• Send 1-3 previously unpublished poems 40 lines of fewer in the body of an email, any style, any subject, to ZingaraPoet@gmail.com with National Poetry Month as the subject of your email.
  • Include a cover letter and brief professional biography of 50 words or fewer, also in the body of your email.
  • Submissions will be accepted through April 30th, unless otherwise announced.
  • Simultaneous submissions are fine, but please let me know immediately if submitted work is accepted elsewhere.
  • Published poets receive bragging rights and the chance to share their work with a diverse and ever-growing audience.
  • Submissions which do not follow these guidelines will be disregarded.
  • If accepted work is later published elsewhere, please acknowledge that the piece first appeared in Zingara Poetry Review.
  • There are no fees to submit. All submitters will be subscribed to the Zingara Poetry Review monthly newsletter and digest.
  • Check Zingara Poetry Review every day in April to read great poems and celebrate National Poetry Month.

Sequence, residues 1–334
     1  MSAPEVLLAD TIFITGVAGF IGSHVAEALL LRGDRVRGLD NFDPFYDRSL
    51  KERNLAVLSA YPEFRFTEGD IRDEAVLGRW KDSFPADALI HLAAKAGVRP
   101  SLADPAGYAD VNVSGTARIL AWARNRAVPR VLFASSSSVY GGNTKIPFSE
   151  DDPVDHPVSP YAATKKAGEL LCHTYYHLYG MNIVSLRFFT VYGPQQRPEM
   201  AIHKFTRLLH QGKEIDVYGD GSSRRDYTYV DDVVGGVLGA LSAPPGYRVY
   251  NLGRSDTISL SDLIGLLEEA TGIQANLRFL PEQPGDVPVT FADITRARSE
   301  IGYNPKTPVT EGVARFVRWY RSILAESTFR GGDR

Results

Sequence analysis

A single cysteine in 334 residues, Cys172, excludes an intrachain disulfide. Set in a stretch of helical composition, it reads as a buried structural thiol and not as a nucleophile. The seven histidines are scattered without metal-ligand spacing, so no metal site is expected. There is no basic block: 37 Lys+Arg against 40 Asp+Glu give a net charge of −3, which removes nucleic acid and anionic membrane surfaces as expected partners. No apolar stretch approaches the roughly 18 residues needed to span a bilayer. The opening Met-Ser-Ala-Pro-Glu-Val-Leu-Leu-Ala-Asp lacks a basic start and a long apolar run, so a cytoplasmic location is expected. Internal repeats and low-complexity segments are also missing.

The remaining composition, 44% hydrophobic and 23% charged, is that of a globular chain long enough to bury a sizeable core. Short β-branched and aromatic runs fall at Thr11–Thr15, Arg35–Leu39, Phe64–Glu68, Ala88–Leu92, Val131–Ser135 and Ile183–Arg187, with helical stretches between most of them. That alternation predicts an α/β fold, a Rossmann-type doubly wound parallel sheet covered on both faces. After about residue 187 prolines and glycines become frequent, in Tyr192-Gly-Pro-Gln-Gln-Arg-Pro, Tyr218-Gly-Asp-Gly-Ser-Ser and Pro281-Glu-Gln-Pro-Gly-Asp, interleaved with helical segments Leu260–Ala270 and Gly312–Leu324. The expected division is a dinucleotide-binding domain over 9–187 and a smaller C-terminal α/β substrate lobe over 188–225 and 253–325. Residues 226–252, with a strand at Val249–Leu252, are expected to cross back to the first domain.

• Send me your twitter handle and follow Zingara Poetry Review @ZingaraPoet and I will tag you the day your poem is published.

I look forward to reading your submissions. Happy National Poetry Month!

Making AWP Your Own

It’s time again for the annual AWP conference and dozens if not hundreds of blog posts and articles are popping up everywhere offering advice on how best to network, navigate, or otherwise survive the three-day write-a-palooza.

And for good reason.

With 20-30 panels occurring simultaneously at any given moment and hundreds of tables and booths offering all types of free swag and publishing advice during the day and dozens of on-sight and off-sight readings, signings, and parties at night (not to mention hotel room gatherings), AWP is something like a child’s wildest Christmas fantasy, provided that child is a writer who spends most of the rest of the year isolated or with her nose in a book (or grading papers).